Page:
working as vice president in the Retirement Plan Service Division, focused on leading participant communications, strategic marketing, and individual investor strategy. “The Board’s unanimous vote to promote Judi to CEO was the outcome of BOC’s multiyear succession planning process,” said BOC Board Chair Wayne Rosen, BOCP, BOCO, LPO, CDME, FAAOP. “As we have worked with Judi for the past five years, the Board has been continually impressed by her commitment to BOC and its stakeholders.”

dedicated healthcare investment firm, in an all-cash transaction. The acquisition was previously announced July 21, and Hanger’s stockholders approved the transaction September 30. With the closing of the transaction, Hanger will now be a private company. “This milestone represents an exciting new chapter for Hanger,” said Vinit Asar, president and CEO, who will continue to lead Hanger. “We look forward to partnering with Patient Square Capital to deliver continued growth, innovation, and high-quality care, and positively impact more lives.”

Ashlie White, MA, has been named chief programs officer at the Amputee Coalition. White will lead the National Limb Loss Resource Center, government relations, community engagement, and peer support initiatives. White Ashlie White, MA recently had a successful tenure as director of health policy and strategic alliances at AOPA. In her role as chief programs officer, White will provide strategic vision, energy, leadership, and accountability for Amputee Coalition’s strategies, plans, goals, and outcomes, with a focus on continual improvement and development.

VGM Insurance Services has been named in the annual Best Places to Work in Insurance program, which recognizes employers for their outstanding performance in establishing workplaces where employees can thrive, enjoy their work, and help their companies grow. The employee-owned company has more than 30 years of experience providing specialty insurance programs to clients and partners across the country. “We are excited to once again be recognized as one of the Best Places to Work in Insurance,” said Jim Nygren, president of VGM Insurance. “Our entire team understands that to support our customers, we must support each other. We’ve cultivated a culture that encourages collaboration and professional growth, allowing each employee owner to provide the exceptional service our customers deserve.” The ranking and profiles of the winning companies will be unveiled in the November issue of Business Insurance and online at BusinessInsurance.com.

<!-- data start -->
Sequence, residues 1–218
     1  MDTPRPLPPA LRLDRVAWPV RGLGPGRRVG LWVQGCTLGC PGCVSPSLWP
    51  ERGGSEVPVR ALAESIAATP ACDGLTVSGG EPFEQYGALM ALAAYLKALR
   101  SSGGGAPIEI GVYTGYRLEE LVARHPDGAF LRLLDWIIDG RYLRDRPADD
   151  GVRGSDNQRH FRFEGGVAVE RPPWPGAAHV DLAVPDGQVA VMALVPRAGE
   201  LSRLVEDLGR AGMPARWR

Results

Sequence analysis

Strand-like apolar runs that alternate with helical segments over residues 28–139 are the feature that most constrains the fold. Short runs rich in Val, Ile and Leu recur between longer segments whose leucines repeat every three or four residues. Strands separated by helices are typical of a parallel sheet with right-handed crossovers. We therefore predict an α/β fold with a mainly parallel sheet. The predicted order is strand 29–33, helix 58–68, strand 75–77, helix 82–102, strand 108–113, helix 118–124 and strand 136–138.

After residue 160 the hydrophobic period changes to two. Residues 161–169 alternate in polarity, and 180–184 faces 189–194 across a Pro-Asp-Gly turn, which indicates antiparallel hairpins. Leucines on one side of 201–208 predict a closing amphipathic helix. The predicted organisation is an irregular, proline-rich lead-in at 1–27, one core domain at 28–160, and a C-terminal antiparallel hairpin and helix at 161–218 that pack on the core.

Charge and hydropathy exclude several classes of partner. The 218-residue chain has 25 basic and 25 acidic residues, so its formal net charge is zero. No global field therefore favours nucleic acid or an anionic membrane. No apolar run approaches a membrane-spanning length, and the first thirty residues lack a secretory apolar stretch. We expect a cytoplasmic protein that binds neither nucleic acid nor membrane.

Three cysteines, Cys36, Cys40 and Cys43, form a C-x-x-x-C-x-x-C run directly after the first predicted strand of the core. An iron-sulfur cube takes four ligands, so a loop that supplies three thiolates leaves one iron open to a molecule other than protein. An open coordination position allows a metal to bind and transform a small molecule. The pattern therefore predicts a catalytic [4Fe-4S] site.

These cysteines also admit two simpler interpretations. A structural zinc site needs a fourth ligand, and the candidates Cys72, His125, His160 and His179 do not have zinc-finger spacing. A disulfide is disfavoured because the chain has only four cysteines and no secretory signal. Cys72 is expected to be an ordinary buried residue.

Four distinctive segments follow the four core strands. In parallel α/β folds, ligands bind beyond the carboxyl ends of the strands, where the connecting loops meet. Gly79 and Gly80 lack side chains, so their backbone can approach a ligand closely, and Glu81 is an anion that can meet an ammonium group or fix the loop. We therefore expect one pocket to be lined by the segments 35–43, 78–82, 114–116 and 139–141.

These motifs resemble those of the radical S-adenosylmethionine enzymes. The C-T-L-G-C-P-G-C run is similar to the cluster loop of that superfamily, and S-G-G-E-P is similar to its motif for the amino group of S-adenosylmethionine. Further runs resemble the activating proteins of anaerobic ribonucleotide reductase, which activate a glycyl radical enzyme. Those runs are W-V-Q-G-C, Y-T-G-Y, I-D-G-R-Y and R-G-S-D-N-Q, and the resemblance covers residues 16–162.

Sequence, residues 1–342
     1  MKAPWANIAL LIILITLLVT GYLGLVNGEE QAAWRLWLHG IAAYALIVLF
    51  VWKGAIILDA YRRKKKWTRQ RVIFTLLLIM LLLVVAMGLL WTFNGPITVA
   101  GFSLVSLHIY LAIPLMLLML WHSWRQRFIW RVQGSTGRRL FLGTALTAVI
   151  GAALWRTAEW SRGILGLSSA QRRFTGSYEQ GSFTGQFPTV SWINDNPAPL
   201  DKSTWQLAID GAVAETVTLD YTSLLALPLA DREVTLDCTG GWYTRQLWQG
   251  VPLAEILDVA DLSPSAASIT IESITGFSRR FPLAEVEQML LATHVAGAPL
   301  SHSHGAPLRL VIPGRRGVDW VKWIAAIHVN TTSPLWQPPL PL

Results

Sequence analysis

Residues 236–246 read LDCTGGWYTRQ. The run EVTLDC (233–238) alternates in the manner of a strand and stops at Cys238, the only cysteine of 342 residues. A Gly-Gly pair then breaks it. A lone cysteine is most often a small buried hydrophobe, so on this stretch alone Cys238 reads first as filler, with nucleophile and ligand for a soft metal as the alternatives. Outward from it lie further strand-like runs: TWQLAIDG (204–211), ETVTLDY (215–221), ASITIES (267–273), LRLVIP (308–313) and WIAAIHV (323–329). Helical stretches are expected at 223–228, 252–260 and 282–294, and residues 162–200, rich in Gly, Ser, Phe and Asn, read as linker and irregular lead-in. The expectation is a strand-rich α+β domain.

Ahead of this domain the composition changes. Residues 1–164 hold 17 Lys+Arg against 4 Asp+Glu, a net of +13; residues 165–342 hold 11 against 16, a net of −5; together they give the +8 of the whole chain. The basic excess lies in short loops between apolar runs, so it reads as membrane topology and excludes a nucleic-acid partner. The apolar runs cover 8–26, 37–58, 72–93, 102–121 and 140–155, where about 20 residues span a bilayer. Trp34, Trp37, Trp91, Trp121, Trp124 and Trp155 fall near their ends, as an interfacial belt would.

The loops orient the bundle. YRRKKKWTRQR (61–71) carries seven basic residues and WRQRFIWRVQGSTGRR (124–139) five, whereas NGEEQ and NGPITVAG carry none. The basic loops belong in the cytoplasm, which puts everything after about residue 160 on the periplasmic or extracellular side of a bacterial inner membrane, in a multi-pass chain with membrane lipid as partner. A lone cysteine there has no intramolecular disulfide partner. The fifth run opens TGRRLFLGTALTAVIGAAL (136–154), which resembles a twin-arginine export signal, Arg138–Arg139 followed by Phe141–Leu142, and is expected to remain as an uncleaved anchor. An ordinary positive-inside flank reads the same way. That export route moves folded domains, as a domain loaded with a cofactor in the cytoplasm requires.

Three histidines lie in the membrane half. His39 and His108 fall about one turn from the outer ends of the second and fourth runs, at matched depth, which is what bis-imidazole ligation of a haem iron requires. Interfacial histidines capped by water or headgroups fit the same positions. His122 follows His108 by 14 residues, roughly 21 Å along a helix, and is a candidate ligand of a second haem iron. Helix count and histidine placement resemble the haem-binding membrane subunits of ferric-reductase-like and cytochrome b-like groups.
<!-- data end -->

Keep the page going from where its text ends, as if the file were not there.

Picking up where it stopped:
Hanger Inc. has announced the completion of its previously announced transaction to be acquired by Patient Square Capital, a





Coding and Billing Got You Confused? Attend the Virtual Coding and Billing Seminar in November 7-8, 2022. But don’t take our word for it. Attendees have said: The Virtual Coding and Billing Seminar is what you’ve come to expect from our Coding and Billing seminars but tweaked and condensed slightly so it can be offered virtually. Content will be presented from 12-4pm ET both days.

Register online at AOPAnet.org. For more information, email info@AOPAnet.org.





Maneuvering Medicare Appeals Understand the process to facilitate success

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assistance from AOPA in understanding and navigating the Medicare appeals process—a process that can be confusing and frustrating. When properly understood, the Medicare appeals process can be used to your advantage to help maximize revenue for your business. In its 2019 report to Congress, CMS reported that recovery audit contractors (RACs) identified almost 25,000 Medicare claims in the durable medical equipment, prosthetics, orthotics, and supplies category as overpayments; less than 10% of those overpayments were appealed. Low appeal rates play into the RACs’ hands because the RACs are paid on a contingency basis; they are counting on you to not appeal their findings because if you do win your appeal, the RACs don’t keep their contingency fee. Of the RAC-identified overpayments that were appealed, almost 50% were eventually overturned in the provider’s favor. This represents a substantial opportunity to overturn a RAC recoupment request for those who take the time to go through the appeal process. While the statistics do not provide any O&P-specific information, they do illustrate the value in pursuing an appeal. This month’s Reimbursement Page reviews the five levels of the Medicare appeals process and discusses strategies for success at each level.